“We had some significant deepwater wins in Brazil, West Africa and so forth, and the North Sea,” Craighead said. “And those are at numbers that justify pulling tools from certain places. “My comment around there all starts in North America and ends in North America, and on my having lived and worked overseas and engaged with the customer community in those respective basins, that the vibe in North America, given the intensity of work, the service intensity, very quickly changes conversations. Now you have longer term contracts and so forth, but this industry needs to have more discipline when it comes to return on capital.
“We’re not shy about having the conversation with our customers that equipment needs to go where it’s loved the most, and that’s why I think that North America could be a catalyst sooner rather than later with regards to what’s going on in the rest of the world…”
Net losses totaled $417 million (minus 98 cents/share) in 4Q2016, compared with a loss of $1.03 billion (minus $2.35) in 4Q2015. Adjusted losses came in at minus 30 cents/share, versus a year-ago loss of 21 cents. Operating cash flow was $632 million in the quarter, an increase of $513 million sequentially and $101 million year/year. Revenue slumped 29% year/year to $2.4 billion but rose 2% sequentially, primarily driven by increased activity in North America, year-end product sales, and pockets of growth internationally.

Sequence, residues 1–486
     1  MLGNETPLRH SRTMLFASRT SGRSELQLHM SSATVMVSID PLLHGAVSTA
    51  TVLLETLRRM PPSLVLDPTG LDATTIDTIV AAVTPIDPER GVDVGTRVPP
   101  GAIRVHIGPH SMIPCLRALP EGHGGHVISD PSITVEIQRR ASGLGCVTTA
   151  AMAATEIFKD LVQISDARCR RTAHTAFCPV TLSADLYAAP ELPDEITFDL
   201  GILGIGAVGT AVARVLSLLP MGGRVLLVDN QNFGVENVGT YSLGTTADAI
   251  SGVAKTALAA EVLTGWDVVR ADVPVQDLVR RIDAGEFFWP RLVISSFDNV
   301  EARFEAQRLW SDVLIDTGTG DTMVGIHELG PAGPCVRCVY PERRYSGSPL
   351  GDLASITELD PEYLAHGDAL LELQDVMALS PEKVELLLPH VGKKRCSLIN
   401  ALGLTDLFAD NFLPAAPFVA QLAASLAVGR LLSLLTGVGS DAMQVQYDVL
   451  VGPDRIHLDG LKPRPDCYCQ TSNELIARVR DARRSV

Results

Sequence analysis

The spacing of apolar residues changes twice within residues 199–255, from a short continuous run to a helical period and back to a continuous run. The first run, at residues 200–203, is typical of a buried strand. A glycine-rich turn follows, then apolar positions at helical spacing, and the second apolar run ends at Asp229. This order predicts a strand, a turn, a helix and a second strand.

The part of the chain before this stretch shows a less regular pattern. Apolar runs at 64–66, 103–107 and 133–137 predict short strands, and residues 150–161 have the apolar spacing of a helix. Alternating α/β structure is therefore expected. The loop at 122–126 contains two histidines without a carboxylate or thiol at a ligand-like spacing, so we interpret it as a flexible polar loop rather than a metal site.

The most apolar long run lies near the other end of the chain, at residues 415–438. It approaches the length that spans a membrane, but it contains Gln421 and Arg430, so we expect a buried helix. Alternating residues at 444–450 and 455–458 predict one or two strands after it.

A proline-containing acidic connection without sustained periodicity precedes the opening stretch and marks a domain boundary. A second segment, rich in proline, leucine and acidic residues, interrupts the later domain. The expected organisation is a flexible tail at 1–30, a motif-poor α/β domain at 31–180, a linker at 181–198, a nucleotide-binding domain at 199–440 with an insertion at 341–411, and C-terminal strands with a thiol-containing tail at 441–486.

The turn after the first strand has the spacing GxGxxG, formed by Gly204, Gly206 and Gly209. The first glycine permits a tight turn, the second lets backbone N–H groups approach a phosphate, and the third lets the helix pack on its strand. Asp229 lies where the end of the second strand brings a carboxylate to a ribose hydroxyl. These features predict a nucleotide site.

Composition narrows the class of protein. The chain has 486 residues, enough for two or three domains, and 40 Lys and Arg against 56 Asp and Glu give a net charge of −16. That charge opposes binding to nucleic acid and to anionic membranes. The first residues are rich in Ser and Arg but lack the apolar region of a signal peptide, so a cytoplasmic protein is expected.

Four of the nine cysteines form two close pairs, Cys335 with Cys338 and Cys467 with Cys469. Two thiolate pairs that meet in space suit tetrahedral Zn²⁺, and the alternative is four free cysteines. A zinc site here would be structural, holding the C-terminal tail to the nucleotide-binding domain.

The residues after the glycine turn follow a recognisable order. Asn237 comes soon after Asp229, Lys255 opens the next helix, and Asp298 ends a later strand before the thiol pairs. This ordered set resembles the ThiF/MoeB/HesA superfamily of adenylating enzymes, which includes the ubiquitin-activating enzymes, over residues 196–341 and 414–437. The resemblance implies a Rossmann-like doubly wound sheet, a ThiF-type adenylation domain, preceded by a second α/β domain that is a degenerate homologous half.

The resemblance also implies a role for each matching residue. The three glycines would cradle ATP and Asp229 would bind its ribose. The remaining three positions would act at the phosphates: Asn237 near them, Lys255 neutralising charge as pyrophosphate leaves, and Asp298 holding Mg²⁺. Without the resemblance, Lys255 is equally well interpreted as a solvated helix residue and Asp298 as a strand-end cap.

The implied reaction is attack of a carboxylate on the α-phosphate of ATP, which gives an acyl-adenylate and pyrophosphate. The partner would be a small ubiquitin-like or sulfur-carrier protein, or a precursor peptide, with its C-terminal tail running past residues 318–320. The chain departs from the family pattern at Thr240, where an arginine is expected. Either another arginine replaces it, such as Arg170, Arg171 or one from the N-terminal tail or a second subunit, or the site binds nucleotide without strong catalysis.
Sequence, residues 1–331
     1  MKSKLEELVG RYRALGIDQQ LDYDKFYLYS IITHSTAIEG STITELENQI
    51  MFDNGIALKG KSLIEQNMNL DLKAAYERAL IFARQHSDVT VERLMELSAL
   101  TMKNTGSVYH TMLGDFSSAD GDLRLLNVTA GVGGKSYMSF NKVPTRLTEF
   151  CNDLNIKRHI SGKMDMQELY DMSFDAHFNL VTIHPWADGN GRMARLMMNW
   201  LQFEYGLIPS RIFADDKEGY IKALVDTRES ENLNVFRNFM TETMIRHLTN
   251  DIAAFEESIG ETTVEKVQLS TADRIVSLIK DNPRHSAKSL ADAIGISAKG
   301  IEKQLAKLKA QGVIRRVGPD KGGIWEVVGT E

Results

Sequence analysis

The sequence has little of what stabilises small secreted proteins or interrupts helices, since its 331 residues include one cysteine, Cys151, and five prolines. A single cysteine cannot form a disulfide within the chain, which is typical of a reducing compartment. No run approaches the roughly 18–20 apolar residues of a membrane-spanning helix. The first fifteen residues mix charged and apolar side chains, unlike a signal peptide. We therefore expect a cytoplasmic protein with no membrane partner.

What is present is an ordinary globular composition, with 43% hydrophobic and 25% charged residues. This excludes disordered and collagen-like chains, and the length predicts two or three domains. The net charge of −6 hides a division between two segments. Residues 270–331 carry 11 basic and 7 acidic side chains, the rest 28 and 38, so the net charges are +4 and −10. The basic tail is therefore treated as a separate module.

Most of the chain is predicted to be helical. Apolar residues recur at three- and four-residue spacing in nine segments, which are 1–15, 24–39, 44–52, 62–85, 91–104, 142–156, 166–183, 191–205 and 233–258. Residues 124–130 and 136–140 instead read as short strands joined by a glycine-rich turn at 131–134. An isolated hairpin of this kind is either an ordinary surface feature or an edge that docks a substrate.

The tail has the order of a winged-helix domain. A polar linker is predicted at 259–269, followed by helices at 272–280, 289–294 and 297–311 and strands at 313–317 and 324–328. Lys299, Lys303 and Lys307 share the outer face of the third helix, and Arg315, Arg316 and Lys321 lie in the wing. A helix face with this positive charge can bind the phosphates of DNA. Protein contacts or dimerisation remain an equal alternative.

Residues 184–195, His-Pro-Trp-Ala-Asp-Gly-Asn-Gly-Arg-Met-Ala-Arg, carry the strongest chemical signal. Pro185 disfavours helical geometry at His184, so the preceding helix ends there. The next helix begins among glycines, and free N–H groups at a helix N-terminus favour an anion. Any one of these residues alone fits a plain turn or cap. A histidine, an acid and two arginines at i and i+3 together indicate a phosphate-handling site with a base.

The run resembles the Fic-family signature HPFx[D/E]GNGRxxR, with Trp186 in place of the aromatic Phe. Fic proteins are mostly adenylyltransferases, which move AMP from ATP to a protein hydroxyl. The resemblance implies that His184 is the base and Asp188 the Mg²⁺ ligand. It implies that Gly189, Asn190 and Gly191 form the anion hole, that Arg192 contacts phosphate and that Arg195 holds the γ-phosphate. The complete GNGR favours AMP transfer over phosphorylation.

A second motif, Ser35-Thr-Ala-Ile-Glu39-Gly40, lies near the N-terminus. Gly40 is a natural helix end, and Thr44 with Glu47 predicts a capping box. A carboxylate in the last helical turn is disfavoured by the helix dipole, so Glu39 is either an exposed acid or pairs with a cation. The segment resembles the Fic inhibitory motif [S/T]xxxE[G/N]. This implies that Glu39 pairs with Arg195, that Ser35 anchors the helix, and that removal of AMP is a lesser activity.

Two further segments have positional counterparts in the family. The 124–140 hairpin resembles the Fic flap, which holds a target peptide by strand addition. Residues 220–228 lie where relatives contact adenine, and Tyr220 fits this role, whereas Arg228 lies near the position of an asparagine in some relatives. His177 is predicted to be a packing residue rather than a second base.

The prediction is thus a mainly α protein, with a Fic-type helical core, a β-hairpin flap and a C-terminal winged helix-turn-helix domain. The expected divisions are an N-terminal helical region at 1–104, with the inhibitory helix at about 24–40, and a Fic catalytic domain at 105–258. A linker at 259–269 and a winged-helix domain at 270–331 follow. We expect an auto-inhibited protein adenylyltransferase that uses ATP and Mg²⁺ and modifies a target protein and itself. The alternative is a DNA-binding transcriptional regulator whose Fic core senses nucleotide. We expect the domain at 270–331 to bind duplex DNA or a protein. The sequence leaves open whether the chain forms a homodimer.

For 2016, net losses totaled $2.7 billion (minus $6.31/share), versus a loss of $2.0 billion (minus $4.49) in 2015. Adjusted net losses were $1.3 billion (minus $2.96/share) in 2016 from a loss of $209 million (minus 48 cents) in 2015. Revenue fell year/year by 37% to $9.8 billion.